Born: Washington, DC, May 1, 1934
Died: Washington, DC, October 20, 2005
A smoky, unique voice and precise, careful piano artistry best describe
Shirley Horn. Jazz pianist Marian McPartland put it best when she told
DownBeat magazine, "I've never known anyone that could do a ballad that slowly
and keep it musical, keep it happening."
CLASSICAL PRODIGY GOES JAZZY
Jazz lore has it that Horn was merely four years old when she began playing
the piano. At five, she began formal music training. Her
all-consuming obsession with the piano caused her mother to resort to bribing
her in order to get her to go outside the house and play with other children.
By age twelve she was studying composition at Howard University. A
scholarship to New York's prestigious Juilliard School of Music was offered to
her at age 18. Financial constraints, sadly, kept her away from Julliard
— she continued at Howard, however, until she left school to work full-time in
Washington, DC. It was about this time that Horn, classically trained, was
bitten by the jazz bug. Years later she would say, "Oscar Peterson became
my Rachmaninoff, and Ahmad Jamal became my Debussy."
Her first album, "Embers and Ashes" (Stere-o-Craft, 1960) became immensely
popular with jazz aficionados despite its limited distribution.
MILES, HER MENTOR
Jazz Master Miles Davis, normally disdainful of vocalists, was so taken
with Horn he brought her to New York to appear with him in concert. This
began a lifetime collaboration and mutual respect for one another. Horn
referred to Davis as her mentor on several occasions. Her association with
Davis opened doors to performance opportunities and recording contracts.
Horn, after Davis' death, admitted that she remained mystified as to how he got
ahold of "Embers and Ashes" in the first place.
Her early recordings were on the Mercury and ABC-Paramount labels.
These recordings left her cold — she wanted to be a piano player, yet the
labels attempted to prod her into the role of "stand-up singer," devoid of her
beloved piano and doomed to sit in a booth reading the music off of charts.
The commercial exposure had its benefits, however. During the 1960s she
was working major jazz clubs nationwide, and collaborating (at Mercury) with
Quincy Jones. That collaboration culminated with her being tapped to
sing music for the movies "A Dandy In Aspic" and "For Love Of Ivy," with scores
written and directed by Jones.
Frustrated with the record labels' failure to appreciate her as a piano
player, she returned to Washington and disappeared off of the national musical
"radar screen." From the late '60s until 1975, she stayed at home and
raised her daughter, Rainy. During this period, she restricted her
performances to Washington-area venues.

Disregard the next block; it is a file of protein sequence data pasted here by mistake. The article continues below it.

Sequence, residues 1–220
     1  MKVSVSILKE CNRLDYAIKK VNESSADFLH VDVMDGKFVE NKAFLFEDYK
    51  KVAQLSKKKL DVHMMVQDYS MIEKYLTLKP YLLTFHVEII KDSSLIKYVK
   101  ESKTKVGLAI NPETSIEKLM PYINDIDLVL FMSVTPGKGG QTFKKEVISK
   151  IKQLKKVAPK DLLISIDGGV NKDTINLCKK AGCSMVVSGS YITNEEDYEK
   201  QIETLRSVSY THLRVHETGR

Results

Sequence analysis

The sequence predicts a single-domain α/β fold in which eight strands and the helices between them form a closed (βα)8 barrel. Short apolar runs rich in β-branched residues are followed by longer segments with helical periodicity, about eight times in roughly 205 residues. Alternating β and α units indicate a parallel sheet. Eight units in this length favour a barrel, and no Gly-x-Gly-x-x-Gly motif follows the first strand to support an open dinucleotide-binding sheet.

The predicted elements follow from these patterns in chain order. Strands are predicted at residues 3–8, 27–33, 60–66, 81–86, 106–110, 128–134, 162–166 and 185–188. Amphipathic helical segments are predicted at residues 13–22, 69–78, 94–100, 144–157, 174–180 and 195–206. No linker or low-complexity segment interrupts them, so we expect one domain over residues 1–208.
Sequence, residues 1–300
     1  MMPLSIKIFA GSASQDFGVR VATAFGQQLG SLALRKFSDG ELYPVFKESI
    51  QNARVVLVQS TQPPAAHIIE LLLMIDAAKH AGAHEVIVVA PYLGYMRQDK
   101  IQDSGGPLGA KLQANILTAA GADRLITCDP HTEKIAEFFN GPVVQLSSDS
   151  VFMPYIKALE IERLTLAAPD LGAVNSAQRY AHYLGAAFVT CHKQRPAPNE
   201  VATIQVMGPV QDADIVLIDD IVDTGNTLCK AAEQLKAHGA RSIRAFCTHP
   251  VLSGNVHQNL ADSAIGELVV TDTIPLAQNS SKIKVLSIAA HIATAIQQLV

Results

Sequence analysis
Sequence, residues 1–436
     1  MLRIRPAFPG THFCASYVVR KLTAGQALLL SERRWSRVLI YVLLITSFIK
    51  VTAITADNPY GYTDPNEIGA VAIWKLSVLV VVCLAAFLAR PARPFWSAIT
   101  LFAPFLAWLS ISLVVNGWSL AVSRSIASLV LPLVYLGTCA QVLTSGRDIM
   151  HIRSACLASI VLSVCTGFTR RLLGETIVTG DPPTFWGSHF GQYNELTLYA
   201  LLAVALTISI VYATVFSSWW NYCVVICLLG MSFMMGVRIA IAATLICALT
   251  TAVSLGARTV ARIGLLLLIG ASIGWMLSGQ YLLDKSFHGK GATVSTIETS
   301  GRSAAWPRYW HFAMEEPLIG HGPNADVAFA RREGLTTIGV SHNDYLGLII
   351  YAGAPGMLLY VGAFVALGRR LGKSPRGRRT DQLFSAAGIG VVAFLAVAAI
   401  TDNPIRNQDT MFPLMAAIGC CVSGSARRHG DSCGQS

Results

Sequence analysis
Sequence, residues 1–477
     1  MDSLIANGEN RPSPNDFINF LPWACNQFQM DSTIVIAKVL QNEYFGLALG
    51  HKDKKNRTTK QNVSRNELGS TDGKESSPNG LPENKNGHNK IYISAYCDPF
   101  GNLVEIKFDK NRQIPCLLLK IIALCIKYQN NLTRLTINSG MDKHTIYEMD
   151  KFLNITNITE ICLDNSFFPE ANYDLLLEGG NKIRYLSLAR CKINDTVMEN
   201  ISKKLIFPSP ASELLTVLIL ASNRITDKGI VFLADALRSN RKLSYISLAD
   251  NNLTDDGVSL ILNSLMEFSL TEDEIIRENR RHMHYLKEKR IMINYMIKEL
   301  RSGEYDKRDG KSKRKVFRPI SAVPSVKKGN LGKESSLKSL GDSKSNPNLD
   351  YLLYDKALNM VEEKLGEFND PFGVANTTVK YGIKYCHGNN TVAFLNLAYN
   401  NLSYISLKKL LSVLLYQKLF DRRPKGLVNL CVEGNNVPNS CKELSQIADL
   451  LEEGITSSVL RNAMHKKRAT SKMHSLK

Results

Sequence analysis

OF THE GREATEST COMEBACKS IN JAZZ HISTORY
In 1980, while attending a musicians' convention in Washington's Shoreham
Hotel, she sat down at the piano one night with some old friends. The
performance apparently dazzled many in the crowd, including recording executives
and concert promoters.
She then accepted an invitation to the North Sea Jazz Festival in the
Netherlands, and her concert led to a career resurgence. She received a contract
with the prestigious Verve record label and was championed by leading jazz
At Verve, she realized a long-time ambition. She would work with a
string orchestra, directed by noted arranger Johnny Mandel, on her seminal
album, "Here's to Life" (Verve, 1992). She continued recording with Verve
until the end of her life. Her final recording, "But Beautiful: The
Best of Shirley Horn" (Verve 2005) was released posthumously.
Trouble began when complications of diabetes necessitated the amputation of
her left foot in 2001. Always determined, Horn finally got used to the
prosthesis she was forced to wear and would shift her hip so as to push the
pedals. Just when her fans thought they'd never hear the signature
combination of piano and voice again, she delighted the crowd at a Kennedy
Center concert when she got out of her wheelchair and sat on the piano bench to
accompany herself on what had become her signature song, "Here's to Life."
ANECDOTES FROM AN ACQUAINTANCE
This writer had the privilege of seeing her at one of her last performances,
at the now-defunct Le Jazz Au Bar in New York City. It became obvious that
Horn refused to abide her already-weakened body's restrictions; she was smoking
her usual non-filtered Pall Mall cigarettes, and imbibing generously of her
favorite combination, straight Grand Marnier with a Heineken chaser. It
was during that engagement that Verve recorded a few cuts from her final album,
"But Beautiful: The Best of Shirley Horn" released posthumously in 2005.